Eugene Schoenfeld M.D.
QUESTION: While watching the action attendant the occupation of People’s Park, I received several mild doses of tear gas. The result seems to be a considerable lessening of congestion in my sinuses, though I suffer from chronic sinusitis. Do you recommend this treatment?
ANSWER: Two types of tear gas have apparently been used during the current Berkeley crisis, CN and CS, technically they aren’t gases but solids dispersed as aerosols.
CN or chloroacetrophenone (C6H6- COCCH2C1) is a fast-acting irritant to the eyes and upper respiratory passages which was invented at the end of WW1. According to Chemical and Biological Warfare by Seymour Hersh, the official military manual TM3-215 states:
“In higher concentrations it is irritating to the skin and causes a burning and itching sensation; especially on moist parts of the body. High concentrations can cause blisters. The effects are similar to those of sunburn, are entirely harmless and disappear in a few hours. Certain individuals experience nausea following exposure to CN.”
CS or o-chlorobenzalmalanonitrile is said to have been developed by the British in the 1950s. The “S” means “super” and its formula is C1C6H4CHC(CN3).
“CS produces immediate effects even in low concentrations... The onset for incapacitation is 20 to 60 seconds and the duration of effects is 5 to 10 minutes after the affected individual is removed to fresh air. During this time the affected individuals are incapable of effected concerted action. The physiological effects include extreme burning of the eyes accompanied by copious flow of tears, coughing, difficulty in breathing, and chest tightness, involuntary closing of the eyes, stinging sensations of moist skin, running nose, and dizziness or swimming of the head. Heavy concentrations will cause nausea and vomiting in addition to the above effects.” (TM-3-215)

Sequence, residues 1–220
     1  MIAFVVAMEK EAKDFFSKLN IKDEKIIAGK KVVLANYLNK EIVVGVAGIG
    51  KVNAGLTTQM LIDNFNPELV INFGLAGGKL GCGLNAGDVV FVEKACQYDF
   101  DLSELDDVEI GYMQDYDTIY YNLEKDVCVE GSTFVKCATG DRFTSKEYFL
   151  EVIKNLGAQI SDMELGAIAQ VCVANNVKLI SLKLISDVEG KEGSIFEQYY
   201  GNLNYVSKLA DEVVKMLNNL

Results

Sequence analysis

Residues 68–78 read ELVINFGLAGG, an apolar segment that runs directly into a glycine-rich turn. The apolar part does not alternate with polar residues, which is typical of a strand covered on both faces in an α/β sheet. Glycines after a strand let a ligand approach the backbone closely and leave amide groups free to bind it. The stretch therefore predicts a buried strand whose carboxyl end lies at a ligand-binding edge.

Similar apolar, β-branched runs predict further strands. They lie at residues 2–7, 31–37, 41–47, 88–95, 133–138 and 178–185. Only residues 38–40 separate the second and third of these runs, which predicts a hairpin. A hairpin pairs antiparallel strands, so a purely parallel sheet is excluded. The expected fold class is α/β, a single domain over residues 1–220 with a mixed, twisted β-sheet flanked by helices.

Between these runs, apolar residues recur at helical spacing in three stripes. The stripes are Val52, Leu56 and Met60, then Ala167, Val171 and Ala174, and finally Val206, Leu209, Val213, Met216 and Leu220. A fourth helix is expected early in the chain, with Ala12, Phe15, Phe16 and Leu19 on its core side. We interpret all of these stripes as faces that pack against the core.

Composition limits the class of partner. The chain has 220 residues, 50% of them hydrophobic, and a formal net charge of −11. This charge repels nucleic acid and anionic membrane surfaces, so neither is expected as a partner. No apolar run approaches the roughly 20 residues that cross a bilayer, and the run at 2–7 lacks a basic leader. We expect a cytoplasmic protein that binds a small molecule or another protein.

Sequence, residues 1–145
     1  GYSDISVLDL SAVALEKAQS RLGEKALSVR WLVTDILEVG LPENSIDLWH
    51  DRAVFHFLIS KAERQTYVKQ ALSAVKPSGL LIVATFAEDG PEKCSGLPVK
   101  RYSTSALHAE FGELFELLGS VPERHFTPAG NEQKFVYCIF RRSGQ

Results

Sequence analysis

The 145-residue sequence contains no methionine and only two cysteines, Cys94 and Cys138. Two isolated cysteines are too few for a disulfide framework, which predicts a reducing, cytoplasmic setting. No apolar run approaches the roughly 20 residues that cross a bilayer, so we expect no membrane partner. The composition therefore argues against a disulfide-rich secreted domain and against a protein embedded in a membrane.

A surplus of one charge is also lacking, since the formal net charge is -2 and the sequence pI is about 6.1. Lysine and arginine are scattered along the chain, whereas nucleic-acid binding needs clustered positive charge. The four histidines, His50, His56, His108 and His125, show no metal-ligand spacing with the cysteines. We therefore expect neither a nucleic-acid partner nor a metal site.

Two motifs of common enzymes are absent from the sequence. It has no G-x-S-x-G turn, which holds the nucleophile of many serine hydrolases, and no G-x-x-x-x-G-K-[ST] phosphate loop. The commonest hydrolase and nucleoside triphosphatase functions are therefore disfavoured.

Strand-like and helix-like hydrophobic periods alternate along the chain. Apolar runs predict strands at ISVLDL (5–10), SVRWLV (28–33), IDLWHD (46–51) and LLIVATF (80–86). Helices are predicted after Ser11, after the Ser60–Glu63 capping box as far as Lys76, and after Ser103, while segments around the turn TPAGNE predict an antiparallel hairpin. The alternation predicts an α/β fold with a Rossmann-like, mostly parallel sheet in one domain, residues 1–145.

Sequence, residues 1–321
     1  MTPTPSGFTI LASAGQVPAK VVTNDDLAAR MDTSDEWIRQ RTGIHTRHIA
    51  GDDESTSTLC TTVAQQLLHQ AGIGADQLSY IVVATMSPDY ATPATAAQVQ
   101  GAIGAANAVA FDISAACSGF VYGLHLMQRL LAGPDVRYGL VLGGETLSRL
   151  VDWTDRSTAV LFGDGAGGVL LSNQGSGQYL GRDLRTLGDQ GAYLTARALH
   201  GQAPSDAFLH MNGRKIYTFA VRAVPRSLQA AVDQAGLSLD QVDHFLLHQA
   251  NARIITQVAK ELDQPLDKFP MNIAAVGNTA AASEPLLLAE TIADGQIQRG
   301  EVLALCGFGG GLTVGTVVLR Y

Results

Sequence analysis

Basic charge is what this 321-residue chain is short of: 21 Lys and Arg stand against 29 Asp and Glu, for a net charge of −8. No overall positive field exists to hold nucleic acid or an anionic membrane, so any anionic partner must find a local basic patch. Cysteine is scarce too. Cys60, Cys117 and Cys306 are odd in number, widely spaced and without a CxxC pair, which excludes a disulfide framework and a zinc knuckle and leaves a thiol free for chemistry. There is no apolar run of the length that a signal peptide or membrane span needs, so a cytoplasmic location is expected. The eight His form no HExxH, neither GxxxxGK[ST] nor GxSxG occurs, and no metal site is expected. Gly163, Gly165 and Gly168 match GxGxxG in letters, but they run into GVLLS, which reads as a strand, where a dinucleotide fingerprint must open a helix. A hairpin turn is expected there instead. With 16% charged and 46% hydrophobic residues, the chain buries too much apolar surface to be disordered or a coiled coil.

On May 20th, a military helicopter sprayed teargas over the Berkeley campus of the University of California. The gas, probably of the CS type, enveloped Cowell Memorial Hospital and drifted up to the Strawberry Canyon Recreational Area, affecting small children and their mothers. The following instructions for treatment of exposure to tear gas were prepared by Henry Bruyn, M.D., director of Cal’s Student Health Service:
EYES: Expose to fresh air. Do not rub.
SKIN: Keep dry for 4–6 hours. If the skin is wet, shower with soap.
NASAL DISCHARGE: Will subside rapidly without treatment.
SHOES: Should be washed with a sponge or cloth.
GREASE OR OINTMENT: Should NOT be used before or after exposure, otherwise gas particles will cling to the skin.
(Powder will be visible on the clothes and body.)
EYES: Large amounts of plain tap water. Burns of the cornea are possible, so eyes should be checked by a physician. Recovery takes about 2 weeks.
SKIN: Water increases the stinging but helps prevent burns.
HAIR: Should be thoroughly washed.
CLOTHES: Should be washed with a detergent.
Medical personnel may be affected by a patient’s skin, hair and clothing. Victims of a severe tear gas attacks should, if possible, remove their clothes and shower before entering a treatment area.
Tear gas may linger for long periods in cloth and paper. A visit to Cody’s Book Store on Haste and Telegraph caused my eyes to tear a week after one of Berkeley’s tear gas episodes.
I can’t really recommend tear gas as treatment for chronic sinusitis, but I’d like to know if other readers had similar effects. Perhaps leaders in future demonstrations will have post-nasal drips and wave handkerchiefs instead of flags.
A scene observed during one of the People’s Park skirmishes seems to sum-up the situation in Berkeley these last few weeks. Standing in the middle of the Telegraph and Durant intersection, near UC Corner, was a heavily armed policeman clad in flak jacket and gas mask. From the corner of his eye he saw a sudden movement. He whirled around and heaved a tear gas grenade at a small brown bird.
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